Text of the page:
Klavs Miller, CTO at job site Dice agrees, “With tech unemployment as low as it is, candidates know you need them; 2019 is a time to turn attention toward candidate experience by bringing the human element back into the fold. In addition to communicating a vibrant culture through a well-defined employer brand and using the right recruitment marketing channels, be sure to share as much information as possible about the types of projects future candidates would be working on, technologies they’d work with and the caliber of the team they would be a part of.”
Step 2: Develop a focused job description
You’re now in a better position to draft a job description having consensus on the role from the team, a better idea of the quality of person you are trying to recruit, and a marketing message to attract top candidates.
Writing job descriptions is a skill that most technologists do not possess. It’s easy to introduce biases in job descriptions that inadvertently turn off strong candidates or are too vague and drive an unmanageable number of responses that require screening. When possible, hire an expert skilled with writing job descriptions to handle this task and provide them the details agreed on by the development team.
Use examples to draft the details. Consider these ten best developer job descriptions that contain targeted details of ideal candidates without being overly prescriptive. Look on job sites like Indeed, Dice, LinkedIn, Monster, and CareerBuilder to find other expressions.
Step 3: Formulate your candidates screening
It’s fairly disconcerting to candidates to show up to interviews and find ill-prepared interviewers, be asked pointless questions, or be put through a series of redundant technical evaluations.
Conducting an interview process requires an explicit strategy defining each interviewer’s role, selecting what types of questions will help differentiate candidates, and deciding how feedback will be shared with the interviewing team. It also requires a commitment to an efficient process because many candidates will be turned off by long-running interview processes or ones where feedback isn’t provided to them in a timely matter.
Assign roles in the interview process: Who is tackling soft skills such as communications and collaboration? Whose role is it to sell and market the company, role, and projects being assigned? If you’re going to have multiple people technically screen candidates, review who is covering what skills and whether their individual approaches are fair, are appropriate for the skill level being recruited, and can efficiently determine top candidates.
Step 4: Listen, learn, and collaborate during the interview
Regardless of the role and skill level, each interviewer should be asking open-ended, thought-provoking questions to begin a dialog with the interviewee.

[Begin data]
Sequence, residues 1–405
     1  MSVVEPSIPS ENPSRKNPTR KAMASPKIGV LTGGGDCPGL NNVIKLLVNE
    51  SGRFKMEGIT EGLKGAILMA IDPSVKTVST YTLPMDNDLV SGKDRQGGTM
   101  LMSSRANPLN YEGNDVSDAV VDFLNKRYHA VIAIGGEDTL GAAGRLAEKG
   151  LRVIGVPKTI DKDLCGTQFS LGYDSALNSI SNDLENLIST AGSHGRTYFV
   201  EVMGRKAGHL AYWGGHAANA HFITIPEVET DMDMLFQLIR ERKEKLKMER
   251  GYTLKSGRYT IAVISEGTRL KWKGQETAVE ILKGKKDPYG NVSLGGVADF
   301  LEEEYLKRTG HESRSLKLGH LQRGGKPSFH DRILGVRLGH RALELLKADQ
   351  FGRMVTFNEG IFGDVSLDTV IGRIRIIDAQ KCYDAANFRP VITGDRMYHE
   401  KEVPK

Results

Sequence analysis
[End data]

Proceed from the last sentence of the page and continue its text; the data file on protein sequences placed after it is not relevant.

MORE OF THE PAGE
When I hire, my most important interview question is my first, where I ask candidates to tell me about something they are working on. My objective is to get them talking in a comfort area.
If they’re strategic in their answer, they will pick an area that’s aligned to the role they are interviewing for. I’m looking for their ability to tell a story and whether they can explain why they are working on it. I’m hoping they go into some technical details and challenges while also seeing if they are careful not to divulge confidential information from their current employers. This question an ice-breaker that can lead to lots of other questions and discussion areas that help me understand who is sitting in front of me.
There are other good opening questions. Julie Furt, senior vice president of worldwide consulting and training services at data-integration vendor MarkLogic, suggests asking, “‘Where are you in your job search?’ It’s a good ice-breaker but it also gives me a sense of how far in the exploration and research process the candidates are. Ultimately, I’m looking to understand what motivates them in the workplace, so I can assess if there is a likely fit between our technology work and their work style and aspirations.”
George Mashini from Quick Base also suggests that ”understanding what their interests and intellectual curiosities are helps you understand how they would fit in your organization, and gets you a head-start on the interview in terms of what to ask with regard to fit.”
I also recommend discussing the work style and practices of the candidate. Someone who has only worked in waterfall development is going to have a major adjustment to agile development practices. Candidates who work remotely should share how they’ve been successful and their challenges collaborating with centralized teams. Some developers need mentoring, others like to mentor, and others prefer working alone. Your questions should be designed to evaluate whether the candidates fit and enhances the working style of the teams they may join and what may be areas of change for these candidates to learn.
Step 5: Focus technical evaluations on how candidates solve problems
When it’s finally time to assess technical skills, there are several tools and techniques teams and interviewers can use.